Using mere compound on your fiberglass boat may not result in the glass finish you have in mind. So, what is the way? Just back down a bit and wet sand your fiberglass boat.
But how to wet sand a fiberglass boat? That is why we are here to answer your question. We will state the process and answer your questions to make you a pro in the fiberglass boat repair.
When Do You Need To Sand The Gelcoat On Fiberglass Boat?
So, how do you know if your boat needs restoring the oxidized gel coat? When the following happens, be sure to start the process!
- With the gel coat all oxidized, or if it fades away, that’s when you need the sanding. With a faded gel coat, you can see your detailed reflection in the boat. But if there is minimum oxidation and a well-polished shine remains, only compounding the gel coat is enough. There is no need for wet sanding the oxidation.
- Sanding is a must if there is complete oxidation and the shine has faded away long ago. Sometimes you may see that even after compounding, you have not achieved the desired polished result, then you need to sand too.
- Finally, sanding will get you through if your boat gets scratches or scabs you cannot take off. You may even need to get into the process of wet sanding the fiberglass boat for paint.
Should You be Wet Sanding Gelcoat by Hand?
Well, you should be wet sanding the edges of the boat when there is no interface pad or thinned gel coat. However, machine sanding with a 6inch, 8mm DA sander or wet sanding a boat with an orbital sander with an interface pad would give better results. If pigtails come in the way, remember to set the machine not higher than level two.
If you need to wet sand by hand, do remember to check out the proper process on how to wet sand a boat by hand. You don’t want to mess with your precious fiberglass boat, you know!
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How To Wet Sand A Fiberglass Boat: Digging Into The Process
Now, for the one you’ve been eagerly waiting for. Let’s get into the process. You can carry out the following steps to wet sanding a boat with wet sandpaper or a sander as your preference.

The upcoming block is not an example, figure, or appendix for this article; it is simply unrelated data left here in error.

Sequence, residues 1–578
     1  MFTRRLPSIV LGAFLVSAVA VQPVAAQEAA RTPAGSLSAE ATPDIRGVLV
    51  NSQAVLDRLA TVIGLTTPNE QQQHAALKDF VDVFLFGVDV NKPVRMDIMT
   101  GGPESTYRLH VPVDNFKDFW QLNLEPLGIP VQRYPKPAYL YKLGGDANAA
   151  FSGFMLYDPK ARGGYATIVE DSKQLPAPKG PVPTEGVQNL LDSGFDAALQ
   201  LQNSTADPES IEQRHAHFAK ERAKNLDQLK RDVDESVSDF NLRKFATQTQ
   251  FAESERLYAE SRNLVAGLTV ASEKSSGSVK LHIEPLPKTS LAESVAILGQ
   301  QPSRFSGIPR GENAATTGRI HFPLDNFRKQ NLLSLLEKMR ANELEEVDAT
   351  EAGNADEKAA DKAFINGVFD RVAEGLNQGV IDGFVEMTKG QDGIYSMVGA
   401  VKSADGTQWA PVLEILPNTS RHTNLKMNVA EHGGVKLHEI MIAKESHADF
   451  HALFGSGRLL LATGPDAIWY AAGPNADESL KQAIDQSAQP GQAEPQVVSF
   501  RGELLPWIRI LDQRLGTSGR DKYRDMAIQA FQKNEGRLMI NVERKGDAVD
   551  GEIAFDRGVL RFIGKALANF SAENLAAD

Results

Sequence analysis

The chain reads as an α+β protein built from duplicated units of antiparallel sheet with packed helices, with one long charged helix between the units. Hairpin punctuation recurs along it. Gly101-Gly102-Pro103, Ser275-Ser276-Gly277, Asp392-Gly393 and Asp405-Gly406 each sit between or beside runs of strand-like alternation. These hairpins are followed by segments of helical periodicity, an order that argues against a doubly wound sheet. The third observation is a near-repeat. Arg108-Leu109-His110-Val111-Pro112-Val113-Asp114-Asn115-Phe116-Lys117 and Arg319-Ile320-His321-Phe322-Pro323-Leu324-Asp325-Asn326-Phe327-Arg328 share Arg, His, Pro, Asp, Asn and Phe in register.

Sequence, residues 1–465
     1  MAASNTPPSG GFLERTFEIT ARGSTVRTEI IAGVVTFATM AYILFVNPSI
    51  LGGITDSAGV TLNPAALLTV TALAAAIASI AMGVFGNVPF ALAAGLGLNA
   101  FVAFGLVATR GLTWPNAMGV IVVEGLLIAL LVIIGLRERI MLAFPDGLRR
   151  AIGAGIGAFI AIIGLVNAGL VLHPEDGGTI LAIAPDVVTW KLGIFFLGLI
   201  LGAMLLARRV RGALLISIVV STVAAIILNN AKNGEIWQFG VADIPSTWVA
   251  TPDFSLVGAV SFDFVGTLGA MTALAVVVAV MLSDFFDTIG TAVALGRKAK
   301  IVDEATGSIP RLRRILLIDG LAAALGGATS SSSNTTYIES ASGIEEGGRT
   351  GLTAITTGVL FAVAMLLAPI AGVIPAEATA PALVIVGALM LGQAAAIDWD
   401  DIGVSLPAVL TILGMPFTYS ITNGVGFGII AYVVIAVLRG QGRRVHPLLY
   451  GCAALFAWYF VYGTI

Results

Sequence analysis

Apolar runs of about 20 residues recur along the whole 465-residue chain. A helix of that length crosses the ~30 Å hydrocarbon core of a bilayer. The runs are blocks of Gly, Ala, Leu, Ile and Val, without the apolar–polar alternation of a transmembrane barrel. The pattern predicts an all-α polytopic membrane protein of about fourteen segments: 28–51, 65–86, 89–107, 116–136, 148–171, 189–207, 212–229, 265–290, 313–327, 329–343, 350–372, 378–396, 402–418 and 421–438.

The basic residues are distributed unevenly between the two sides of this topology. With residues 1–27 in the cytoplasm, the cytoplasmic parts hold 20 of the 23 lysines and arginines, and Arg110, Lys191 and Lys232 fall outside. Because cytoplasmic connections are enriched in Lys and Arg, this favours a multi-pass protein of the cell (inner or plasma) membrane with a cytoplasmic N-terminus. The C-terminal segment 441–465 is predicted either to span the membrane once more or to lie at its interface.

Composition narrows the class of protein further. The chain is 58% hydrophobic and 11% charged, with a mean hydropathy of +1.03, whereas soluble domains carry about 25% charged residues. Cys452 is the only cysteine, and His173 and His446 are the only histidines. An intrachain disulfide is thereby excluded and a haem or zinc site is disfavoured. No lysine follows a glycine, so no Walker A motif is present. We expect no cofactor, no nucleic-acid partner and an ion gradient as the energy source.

- You can start with an 800 grit wet-dry sandpaper. The sandpapers that we prefer mostly are 3M, sunlight, and Mirka abralon. Although loading them takes a while, they last way longer than the rest. Yes, it is possible to wet-sand by hand if you use a rubber block, but if you want our recommendations, we think an electric DA orbital sander can accomplish the work with much ease.
- If you are wet sanding by hand, remember to soak the paper in fresh water and use it. Be careful while you sand the corners of the boat or the top of your hull since these are usually the places with the thinnest gel coat.
- Now, if you’re handling an electric sander like a pro, make sure to use a spray bottle to mist the boat surface. To prepare the water mixture, add a few drops of detergent to keep the boat wet for longer or for evenly misting the surface. Now, rinse through the whole surface and carefully the burn-through areas. After the rinsing session, use a dry cloth to dry out the surface; it will give you a low glare visual at the coat. Now, for the sanding, go for rotating movements. Keep wet-sanding till the hull’s surface has reached a consistent matt finish. When you are done with the sanding, rinse with water to remove the residue.